In Praise of Low-Tech Approaches to Visitor Engagement
In just a 30-day period this spring I will attend three museum or archaeology conferences – the Tennessee Association of Museums, the Society for American Archaeology, and the American Association of Museums. An aspect of these annual events I enjoy are the expo and poster sessions. They offer an opportunity to engage with a range of ideas and to interact one-on-one with folks. These experiences go beyond listening to papers, that while often are very interesting, tend to be more monologues where one could just as easily read the book. Expo events provide the opportunity to see the latest gadgets and digital wizardry in the field. I am curious about how I will react to these displays this year – particularly since over this past year, when I have focused on the idea of building engaged and sustainable programs.
At the recent Tennessee Association of Museums meeting, I organized a session The Participatory Museum: More Than Just a Hands-on Gig. In my introductory paper for the session, the prime example of a sustainable and engaging museum I presented was one I have blogged before about – The Pearl Button Museum in Muscatine, Iowa. I used this museum as an example in part because the institution is ridiculously low-tech – there is not a touch table, video monitor, audio tour, and as of when I gave the paper, no mobile app for the museum. The Pearl Button Museum demonstrates that building sustainable and engaging institutions does not require increased funding for the latest in digital technology. My earlier post explores what makes this place so engaging and participatory.
The Tenement Museum on the Lower East Side of Manhattan in New York strikes me as another prime low-tech high impact cultural venue.
African American students who created an exhibit on their neighborhood for the C.H. Nash Museum in 2010 made a similar observation. During the five weeks of the project they visited several area Memphis Museums including the Pink Palace, the Brooks Museum, the National Civil Rights Museum, the Stax Museum of American Soul Music, and Davies Manor Plantation. I was surprised that for many of the students their favorite museum visit was Davies Manor. At Davies the sole “digital” exhibit is an eight minute intro video shown on a small television monitor in a cramped reception room. One of the students, Jasmine Morrison, explained that what was so powerful for her during the visit was standing in the big house on the plantation where her enslaved ancestors would not have been permitted to enter.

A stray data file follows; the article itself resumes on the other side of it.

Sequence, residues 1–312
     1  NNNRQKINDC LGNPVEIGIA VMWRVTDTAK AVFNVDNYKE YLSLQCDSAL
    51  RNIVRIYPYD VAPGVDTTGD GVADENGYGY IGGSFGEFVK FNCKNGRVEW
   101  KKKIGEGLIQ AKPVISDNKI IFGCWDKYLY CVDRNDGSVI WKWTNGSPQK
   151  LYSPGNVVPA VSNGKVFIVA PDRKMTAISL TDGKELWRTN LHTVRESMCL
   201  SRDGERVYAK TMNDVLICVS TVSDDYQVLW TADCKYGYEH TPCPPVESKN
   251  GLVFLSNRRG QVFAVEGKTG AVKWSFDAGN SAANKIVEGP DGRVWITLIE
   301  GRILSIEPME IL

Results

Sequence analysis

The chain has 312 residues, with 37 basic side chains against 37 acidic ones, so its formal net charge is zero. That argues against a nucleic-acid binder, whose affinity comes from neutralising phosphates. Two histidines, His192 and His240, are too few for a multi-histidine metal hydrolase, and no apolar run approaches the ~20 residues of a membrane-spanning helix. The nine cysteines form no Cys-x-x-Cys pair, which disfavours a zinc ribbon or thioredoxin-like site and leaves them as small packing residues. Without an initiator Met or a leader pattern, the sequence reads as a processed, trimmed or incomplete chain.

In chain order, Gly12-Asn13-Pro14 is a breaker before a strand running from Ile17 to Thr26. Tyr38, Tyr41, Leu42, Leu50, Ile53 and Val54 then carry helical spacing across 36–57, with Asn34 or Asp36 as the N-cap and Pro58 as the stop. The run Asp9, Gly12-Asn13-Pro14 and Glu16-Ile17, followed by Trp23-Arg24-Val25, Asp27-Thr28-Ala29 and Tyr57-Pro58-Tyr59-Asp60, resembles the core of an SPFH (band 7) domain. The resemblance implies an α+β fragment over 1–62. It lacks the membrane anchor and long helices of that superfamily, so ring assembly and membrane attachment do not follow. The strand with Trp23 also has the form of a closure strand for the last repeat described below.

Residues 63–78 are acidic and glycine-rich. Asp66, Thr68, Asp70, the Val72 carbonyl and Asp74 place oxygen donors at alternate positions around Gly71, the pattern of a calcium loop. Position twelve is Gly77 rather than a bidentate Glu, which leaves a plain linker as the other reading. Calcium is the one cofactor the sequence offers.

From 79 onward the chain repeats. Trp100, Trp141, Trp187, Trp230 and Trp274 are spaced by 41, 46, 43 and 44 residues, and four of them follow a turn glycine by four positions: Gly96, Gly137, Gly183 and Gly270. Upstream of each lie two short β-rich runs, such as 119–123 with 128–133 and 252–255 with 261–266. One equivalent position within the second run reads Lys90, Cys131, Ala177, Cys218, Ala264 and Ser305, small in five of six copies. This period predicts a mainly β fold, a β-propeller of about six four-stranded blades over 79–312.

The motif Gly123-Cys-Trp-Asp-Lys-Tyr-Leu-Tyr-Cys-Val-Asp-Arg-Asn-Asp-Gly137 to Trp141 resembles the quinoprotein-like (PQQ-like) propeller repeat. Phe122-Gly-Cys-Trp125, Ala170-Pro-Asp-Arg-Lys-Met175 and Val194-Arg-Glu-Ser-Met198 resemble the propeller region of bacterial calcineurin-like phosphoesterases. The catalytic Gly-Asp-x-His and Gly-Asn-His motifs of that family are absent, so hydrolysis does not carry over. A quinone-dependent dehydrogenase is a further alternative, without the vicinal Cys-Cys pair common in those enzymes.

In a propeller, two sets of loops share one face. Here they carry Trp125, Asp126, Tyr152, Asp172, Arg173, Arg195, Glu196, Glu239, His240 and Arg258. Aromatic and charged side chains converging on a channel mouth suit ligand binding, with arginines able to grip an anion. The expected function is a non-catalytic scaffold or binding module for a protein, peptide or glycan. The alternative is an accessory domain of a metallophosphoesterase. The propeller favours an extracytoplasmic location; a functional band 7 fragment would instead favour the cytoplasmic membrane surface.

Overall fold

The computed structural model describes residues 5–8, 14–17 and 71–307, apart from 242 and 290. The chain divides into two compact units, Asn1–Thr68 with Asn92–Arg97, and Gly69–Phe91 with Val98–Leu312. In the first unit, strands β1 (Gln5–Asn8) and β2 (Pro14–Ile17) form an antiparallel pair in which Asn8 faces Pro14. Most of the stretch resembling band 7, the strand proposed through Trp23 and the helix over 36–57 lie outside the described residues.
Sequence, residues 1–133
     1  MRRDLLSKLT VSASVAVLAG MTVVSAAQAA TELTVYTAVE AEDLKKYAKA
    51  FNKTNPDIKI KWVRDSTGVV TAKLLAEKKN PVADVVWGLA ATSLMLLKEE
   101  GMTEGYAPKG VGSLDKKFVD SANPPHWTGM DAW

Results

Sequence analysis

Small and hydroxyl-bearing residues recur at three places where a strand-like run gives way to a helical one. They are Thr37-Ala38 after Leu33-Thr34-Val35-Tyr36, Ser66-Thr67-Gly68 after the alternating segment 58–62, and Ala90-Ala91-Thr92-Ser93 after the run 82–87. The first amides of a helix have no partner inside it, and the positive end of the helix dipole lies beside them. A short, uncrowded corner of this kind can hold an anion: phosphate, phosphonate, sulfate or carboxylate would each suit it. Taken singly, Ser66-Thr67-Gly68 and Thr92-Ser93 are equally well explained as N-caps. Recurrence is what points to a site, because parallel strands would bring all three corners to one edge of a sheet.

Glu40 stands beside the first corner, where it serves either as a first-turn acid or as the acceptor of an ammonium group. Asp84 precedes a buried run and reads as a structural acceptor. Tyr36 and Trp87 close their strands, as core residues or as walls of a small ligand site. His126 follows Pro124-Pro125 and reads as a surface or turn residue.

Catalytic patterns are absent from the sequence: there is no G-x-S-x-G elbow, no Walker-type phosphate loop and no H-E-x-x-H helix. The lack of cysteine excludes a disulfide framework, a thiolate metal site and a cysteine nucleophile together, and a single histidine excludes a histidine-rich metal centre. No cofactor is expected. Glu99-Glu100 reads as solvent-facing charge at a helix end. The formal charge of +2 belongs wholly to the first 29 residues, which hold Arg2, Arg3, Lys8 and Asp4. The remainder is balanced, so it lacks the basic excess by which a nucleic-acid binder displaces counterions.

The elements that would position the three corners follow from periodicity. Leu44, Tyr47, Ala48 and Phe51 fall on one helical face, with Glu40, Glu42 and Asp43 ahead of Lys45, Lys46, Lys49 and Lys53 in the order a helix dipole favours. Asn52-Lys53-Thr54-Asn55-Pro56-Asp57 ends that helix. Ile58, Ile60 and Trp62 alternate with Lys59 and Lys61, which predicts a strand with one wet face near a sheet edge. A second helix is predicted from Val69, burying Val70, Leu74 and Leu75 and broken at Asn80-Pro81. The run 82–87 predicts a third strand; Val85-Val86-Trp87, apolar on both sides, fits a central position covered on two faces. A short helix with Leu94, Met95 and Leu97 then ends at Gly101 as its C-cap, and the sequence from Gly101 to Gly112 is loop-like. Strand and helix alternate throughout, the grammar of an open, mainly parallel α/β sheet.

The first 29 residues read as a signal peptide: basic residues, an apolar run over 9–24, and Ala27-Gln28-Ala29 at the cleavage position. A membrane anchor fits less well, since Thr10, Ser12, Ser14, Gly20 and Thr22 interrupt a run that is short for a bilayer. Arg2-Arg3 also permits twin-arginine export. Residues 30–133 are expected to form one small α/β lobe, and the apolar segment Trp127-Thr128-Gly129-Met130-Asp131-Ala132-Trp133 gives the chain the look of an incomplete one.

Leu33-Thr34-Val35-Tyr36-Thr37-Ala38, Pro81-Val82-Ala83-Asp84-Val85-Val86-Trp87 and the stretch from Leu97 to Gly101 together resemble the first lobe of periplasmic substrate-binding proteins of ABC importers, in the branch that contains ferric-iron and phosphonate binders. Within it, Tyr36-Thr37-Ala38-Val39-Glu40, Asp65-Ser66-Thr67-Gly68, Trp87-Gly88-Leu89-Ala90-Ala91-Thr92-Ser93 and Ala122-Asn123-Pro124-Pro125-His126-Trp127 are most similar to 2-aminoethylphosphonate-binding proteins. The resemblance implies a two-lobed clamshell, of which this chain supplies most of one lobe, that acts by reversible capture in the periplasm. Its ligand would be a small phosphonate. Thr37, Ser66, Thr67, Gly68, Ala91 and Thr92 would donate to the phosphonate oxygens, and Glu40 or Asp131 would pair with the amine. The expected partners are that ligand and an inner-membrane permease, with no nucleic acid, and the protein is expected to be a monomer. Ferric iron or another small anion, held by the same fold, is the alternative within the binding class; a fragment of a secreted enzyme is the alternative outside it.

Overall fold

This past week the AmeriCorps Team now stationed at the C.H. Nash Museum erected a ghost house out of bamboo on top of one of the prehistoric mounds. We decided to erect the house as a no impact, easily built structure, that used materials already on site, as a representation of a house that would have stood atop the prehistoric mound in prehistory. This past Saturday I was pleased that this rather simple structure proved to fulfill that purpose for our visitors.
What these low-tech solutions teach me is that we do not need to fall into a trap of thinking that we need high-tech digital solutions to carry out our mission or attract visitors. We must first allow the visitor to be filled with the sense of time, place, and meaning of their surroundings. With such engaging programs in place, we then can move to consider how digital technology might enhance the presentation. Pragmatically, as low-tech solutions are often the most readily employed by cultural institutions already on a shoe-string budget, for that reason, they also remain an excellent starting point.
How do you use low-tech solutions to tell your story?